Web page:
Of all the animals of prey, man is the only sociable one.
Every one of us preys upon his neighbour, and yet we herd together.
The Beggar's Opera: John Gay

Wednesday, 7 July 2010

Happy shrimp come out to play


Typical. You wait ages for a crustacean story then two come along at once. This time it's shrimps, who are, it seems, so whacked-out on Prozac they've lost their instincts for self-preservation.

'Portsmouth University researchers looked at the effect of the anti-depressant fluoxetine, also known as Prozac, on the behaviour of shrimps. The shrimps are widely found in British coastal waters, close to treatment plants where the water may be contaminated with Prozac.

The researchers found that the crustaceans, which are usually happiest when hiding under rocks or clumps of seaweed, were drawn out into the open. It is thought that just as in people, Prozac is altering levels of the brain chemical serotonin. But, while in people this lifts mood, in shrimps, it draws them towards light - and into harm's way.'

Despite the media reaction, eagle-eyed readers will have noticed that we are looking at hypothetical conclusions drawn from what was presumably a lab experiment - there's no hard evidence to back it up in the wider natural habitat, at least as yet; just a lot of 'ifs' and maybes'.

But it's a worrying business contemplating what may be pouring into the seas - even if these researchers are wrong and the shrimps are still morose and depressed, they are likely to be getting a potent cocktail including, among other things, oestrogen and caffeine (sounds like the ideal drink for hen nights in Portsmouth - perhaps they could call it 'Sex and the City?').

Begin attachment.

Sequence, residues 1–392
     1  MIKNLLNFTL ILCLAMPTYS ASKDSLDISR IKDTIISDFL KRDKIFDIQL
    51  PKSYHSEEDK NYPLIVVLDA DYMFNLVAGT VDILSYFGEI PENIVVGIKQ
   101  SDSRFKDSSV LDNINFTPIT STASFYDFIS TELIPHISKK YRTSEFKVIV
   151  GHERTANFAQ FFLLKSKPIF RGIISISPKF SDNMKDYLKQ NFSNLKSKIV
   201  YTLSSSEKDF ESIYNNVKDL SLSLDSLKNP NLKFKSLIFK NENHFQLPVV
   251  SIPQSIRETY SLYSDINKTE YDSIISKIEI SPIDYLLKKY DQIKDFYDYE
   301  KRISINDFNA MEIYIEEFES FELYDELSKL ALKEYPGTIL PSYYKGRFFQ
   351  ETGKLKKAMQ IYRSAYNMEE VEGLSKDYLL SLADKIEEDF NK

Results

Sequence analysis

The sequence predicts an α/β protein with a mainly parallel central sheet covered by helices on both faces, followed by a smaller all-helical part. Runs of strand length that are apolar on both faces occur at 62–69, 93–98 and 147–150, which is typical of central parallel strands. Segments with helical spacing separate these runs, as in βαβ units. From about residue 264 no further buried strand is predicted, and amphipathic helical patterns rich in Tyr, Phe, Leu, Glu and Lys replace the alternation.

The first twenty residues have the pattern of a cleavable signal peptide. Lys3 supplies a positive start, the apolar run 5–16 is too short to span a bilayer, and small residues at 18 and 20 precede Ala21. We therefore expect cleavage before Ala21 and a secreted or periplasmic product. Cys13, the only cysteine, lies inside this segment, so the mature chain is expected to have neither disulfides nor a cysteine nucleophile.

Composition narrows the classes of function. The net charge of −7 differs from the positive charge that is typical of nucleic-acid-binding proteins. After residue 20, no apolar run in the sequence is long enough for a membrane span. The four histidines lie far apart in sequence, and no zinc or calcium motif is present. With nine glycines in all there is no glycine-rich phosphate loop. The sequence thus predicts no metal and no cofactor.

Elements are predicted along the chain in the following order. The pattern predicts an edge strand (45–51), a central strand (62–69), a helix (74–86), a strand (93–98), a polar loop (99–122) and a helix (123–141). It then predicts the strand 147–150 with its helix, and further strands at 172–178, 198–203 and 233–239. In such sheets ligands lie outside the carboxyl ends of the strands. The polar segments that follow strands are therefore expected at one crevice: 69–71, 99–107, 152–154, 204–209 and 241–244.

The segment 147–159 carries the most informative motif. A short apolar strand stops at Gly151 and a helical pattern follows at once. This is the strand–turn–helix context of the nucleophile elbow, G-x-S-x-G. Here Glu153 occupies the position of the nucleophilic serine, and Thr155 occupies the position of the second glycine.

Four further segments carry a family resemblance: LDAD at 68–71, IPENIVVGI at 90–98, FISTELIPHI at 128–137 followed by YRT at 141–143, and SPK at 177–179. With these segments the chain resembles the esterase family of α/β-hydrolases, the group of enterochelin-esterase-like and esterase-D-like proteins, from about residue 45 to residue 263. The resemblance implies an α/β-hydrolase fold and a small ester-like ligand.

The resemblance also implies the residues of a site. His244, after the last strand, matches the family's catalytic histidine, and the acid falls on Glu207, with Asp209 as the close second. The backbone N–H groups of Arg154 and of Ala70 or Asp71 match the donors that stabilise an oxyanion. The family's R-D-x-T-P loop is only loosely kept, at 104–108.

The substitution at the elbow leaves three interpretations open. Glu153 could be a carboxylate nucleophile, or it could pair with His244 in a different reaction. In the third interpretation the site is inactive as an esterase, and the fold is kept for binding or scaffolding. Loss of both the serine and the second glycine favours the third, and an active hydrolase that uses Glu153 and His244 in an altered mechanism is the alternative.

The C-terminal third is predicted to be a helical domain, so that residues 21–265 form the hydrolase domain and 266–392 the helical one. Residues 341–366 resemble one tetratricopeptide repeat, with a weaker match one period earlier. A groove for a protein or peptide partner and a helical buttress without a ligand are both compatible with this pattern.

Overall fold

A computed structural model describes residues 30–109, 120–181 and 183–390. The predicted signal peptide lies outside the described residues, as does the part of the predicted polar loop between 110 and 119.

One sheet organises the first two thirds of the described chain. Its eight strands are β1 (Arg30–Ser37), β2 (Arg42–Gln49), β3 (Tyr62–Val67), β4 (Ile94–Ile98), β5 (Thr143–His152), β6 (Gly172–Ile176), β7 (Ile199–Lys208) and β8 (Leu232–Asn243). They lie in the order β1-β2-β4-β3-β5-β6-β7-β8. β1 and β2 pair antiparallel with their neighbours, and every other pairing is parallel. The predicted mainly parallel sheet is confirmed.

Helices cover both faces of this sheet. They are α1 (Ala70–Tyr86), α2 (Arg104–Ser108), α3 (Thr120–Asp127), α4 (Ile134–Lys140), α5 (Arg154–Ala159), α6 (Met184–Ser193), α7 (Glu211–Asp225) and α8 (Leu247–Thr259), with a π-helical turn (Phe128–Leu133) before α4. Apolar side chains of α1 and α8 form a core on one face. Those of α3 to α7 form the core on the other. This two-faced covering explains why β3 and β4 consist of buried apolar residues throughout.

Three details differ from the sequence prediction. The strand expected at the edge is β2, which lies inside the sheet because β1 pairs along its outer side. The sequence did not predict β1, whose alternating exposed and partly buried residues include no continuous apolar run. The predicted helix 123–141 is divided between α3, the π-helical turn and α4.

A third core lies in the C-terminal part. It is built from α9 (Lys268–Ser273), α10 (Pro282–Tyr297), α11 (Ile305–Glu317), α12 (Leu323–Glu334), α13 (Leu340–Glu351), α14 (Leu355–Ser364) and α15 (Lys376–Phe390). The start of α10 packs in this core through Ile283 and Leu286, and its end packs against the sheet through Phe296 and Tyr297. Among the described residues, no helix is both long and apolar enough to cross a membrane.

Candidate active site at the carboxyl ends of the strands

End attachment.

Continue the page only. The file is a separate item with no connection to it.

'Previous studies have shown that caffeine is released into our waterways after surviving the sewage treatment process. The hormones from the contraceptive Pill and HRT have been blamed for feminising fish, leading to male fish producing eggs.'

According to Marine zoologist Alex Ford, 'Effluent is concentrated in river estuaries and coastal areas, which is where shrimps and other marine life live - this means that shrimps are taking on the excreted drugs of whole towns.'

Trouble is, all that effluent provides just the sort of nutrient-rich environment shrimp and shellfish love. Seafood salad, anyone?

4 comments:

  1. "...this means that shrimps are taking on the excreted drugs of whole towns.'"

    Better avoid any shrimp caught near Canvey Island then, unless you want to find yourself on the run from the police in a rural area, hotly pursued by Kay Burley in a newscopter!

    ReplyDelete
  2. Hadn't considered that one, JuliaM; maybe it's not the Prozac at all that's got them heading for the bright lights:

    'Hey guys, let's parteeee!'

    ReplyDelete
  3. Given the plans of the barmy burghers of Brussels, I foresee a new breed of maneating killer shrimp heading to our shores (and movie screens) in due course...

    ReplyDelete
  4. JuliaM, well spotted, but I rather wish you hadn't...

    ReplyDelete